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Study links lack of running water to prevalence of ear infections in children in rural Alaska

Children in the Bering Strait region living in households without running water are much more likely to contract middle ear infections, recently published study confirmed.

Data from screenings of more than 1,600 schoolchildren in various communities in this part of western Alaska revealed that the lack of running water – a chronic problem in rural Alaska – corresponded to a 53% higher middle ear infections, according to study. Young children, ages 3 to 6, were most at risk, according to the study.

The study, published in the journal Ear and Hearing, is part of a program supported by Norton Sound Health Corp. to combat high rates of ear infections and the hearing loss that can result. Ultimately, the research should help health care providers improve hearing screenings for area children, said co-author Samantha Kleindienst Robler, audiologist at Norton Sound Health Corp. who is also an assistant professor at the University of Arkansas for medical sciences.

“Hearing screenings are an important part of the bigger picture to ensure children are ready to learn in the classroom and able to reach their full potential,” she said by email.

Although the study found a strong link between lack of running water and ear infections, this link did not extend to hearing loss in children. The study also did not find a link between other known risk factors, overcrowded housing and indoor smoke.

However, this study was only a first step in a process to better understand environmental factors in children’s ear disease, Kleindienst Robler said. It used data from screenings of school-age children conducted over two school years, 2017-18 and 2018-19, in which more than 17% had middle ear disease and more than 11% had middle ear disease. signs of hearing loss.

Ear infections don’t always cause hearing loss, Kleindienst Robler said, but the results can also be skewed by some limitations of the methods used in the study. The measurement used in hearing screenings, an otoacoustic emission or OAE, is an important tool, she said, “but unfortunately is not the most sensitive for detecting the mild hearing loss that is most commonly found. with middle ear infections”.

Follow-up studies are underway to better understand the problems and their environmental causes. An ongoing study is looking at environmental and nutritional factors, Kleindienst Robler said. “We hope that this new study, specifically designed to measure these factors, will be able to more accurately assess the impact of environmental risk factors on ear and hearing health,” he said. she declared.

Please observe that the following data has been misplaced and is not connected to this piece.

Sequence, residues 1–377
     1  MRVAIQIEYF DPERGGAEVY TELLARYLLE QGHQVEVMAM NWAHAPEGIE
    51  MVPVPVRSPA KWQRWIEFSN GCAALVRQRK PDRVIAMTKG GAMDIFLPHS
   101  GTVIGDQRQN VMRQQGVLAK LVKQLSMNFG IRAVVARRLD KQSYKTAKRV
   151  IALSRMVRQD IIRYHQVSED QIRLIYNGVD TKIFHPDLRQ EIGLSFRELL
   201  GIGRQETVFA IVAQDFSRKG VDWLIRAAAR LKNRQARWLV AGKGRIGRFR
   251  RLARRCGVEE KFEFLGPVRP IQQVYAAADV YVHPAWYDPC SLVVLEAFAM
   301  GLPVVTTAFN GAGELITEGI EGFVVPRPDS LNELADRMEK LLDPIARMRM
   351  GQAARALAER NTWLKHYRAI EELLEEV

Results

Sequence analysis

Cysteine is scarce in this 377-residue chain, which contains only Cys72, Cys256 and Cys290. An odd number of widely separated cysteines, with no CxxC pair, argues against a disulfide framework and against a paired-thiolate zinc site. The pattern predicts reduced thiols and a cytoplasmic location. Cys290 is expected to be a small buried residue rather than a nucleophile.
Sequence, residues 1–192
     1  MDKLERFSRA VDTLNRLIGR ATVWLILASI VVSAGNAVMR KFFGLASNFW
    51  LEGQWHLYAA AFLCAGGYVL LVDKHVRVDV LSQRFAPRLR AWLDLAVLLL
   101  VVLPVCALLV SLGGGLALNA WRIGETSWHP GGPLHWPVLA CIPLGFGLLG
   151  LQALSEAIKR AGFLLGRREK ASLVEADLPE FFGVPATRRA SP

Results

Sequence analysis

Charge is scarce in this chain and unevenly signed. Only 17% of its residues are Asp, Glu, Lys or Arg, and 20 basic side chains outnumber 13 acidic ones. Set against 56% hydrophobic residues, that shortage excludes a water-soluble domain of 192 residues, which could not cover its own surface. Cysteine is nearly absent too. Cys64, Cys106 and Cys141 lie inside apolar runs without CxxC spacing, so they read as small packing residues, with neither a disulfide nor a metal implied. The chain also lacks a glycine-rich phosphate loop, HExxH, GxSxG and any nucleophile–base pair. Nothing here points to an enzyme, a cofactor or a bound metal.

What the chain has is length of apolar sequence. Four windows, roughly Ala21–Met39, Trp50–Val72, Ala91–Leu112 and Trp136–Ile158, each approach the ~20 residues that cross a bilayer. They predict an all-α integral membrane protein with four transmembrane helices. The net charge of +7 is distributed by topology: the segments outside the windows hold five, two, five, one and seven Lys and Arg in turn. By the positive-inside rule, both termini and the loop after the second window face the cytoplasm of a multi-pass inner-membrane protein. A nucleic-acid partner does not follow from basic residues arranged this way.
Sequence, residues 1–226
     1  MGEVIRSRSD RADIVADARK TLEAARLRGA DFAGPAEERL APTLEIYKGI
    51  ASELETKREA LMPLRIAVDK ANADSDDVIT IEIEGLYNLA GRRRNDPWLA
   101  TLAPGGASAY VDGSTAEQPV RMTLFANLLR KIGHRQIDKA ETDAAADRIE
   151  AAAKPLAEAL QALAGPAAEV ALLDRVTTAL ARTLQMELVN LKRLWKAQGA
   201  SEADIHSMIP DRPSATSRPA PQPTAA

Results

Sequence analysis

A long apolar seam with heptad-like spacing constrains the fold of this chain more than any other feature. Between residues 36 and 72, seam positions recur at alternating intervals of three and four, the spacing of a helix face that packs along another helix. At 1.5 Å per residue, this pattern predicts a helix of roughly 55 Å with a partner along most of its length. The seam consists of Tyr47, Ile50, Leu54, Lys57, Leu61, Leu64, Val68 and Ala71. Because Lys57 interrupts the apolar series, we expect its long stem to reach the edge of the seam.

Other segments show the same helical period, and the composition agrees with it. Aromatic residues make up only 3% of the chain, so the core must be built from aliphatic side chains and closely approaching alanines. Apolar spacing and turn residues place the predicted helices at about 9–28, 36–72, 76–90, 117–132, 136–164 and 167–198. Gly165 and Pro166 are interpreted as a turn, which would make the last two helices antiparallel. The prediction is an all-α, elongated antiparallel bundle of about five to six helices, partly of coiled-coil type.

A related study sponsored by Norton Sound Health Corp. and conducted largely by the same group of researchers showed that telemedicine could provide faster treatment for children with hearing problems. The study, published in July in The Lancet, looked at outcomes for children who were screened through telemedicine compared to those who were screened through standard primary care. About two-thirds of children who had ear problems detected through telemedicine got follow-up care, compared with only one-third of children whose problems were detected through standard care, according to the study. Of those who received follow-up care, the telemedicine group received that service for an average of 41 days, compared to about three months for the other group, according to the study.

Doctors and scientists have long been linked poor water and sanitation service in rural Alaska and elsewhere in remote Arctic regions for health problems, with infants and young children particularly affected. This is particularly the case for respiratory diseases such as respiratory syncytial virus, or RSV, a chronic problem in rural Alaska. More recently, the link was confirmed for COVID-19 in rural Alaska.

And the high prevalence of ear infections and associated hearing loss among Alaska Native children has been documented for decades, at least. from the 1960swhen it was found to be correlated with higher rates of respiratory disease.

Norton Sound’s research has provided lessons in finding solutions to this long-standing problem.

One recommendation is to ensure that hearing screenings include measurements for middle ear disease, something that is sometimes omitted, Kleindienst Robler said. “We have discovered, through work in the Norton Sound area, that it is extremely important to include screening measures for both hearing loss and middle ear disease in rural areas where the rates of ear infections are high. This is to ensure that no child who needs hearing and hearing care is left behind,” she said.

Other lessons relate to the value of telemedicine and community participation in health research.

The research initiative is part of a “grassroots” project that is guided by an advisory council and a tribal council, said Kleindienst Robler, who has lived and worked in the area for more than a decade. “In all of our research projects, we have worked alongside community members and stakeholders,” she said.

Originally published by the Alaska Beaconan independent, nonpartisan news agency that covers the Alaska state government.

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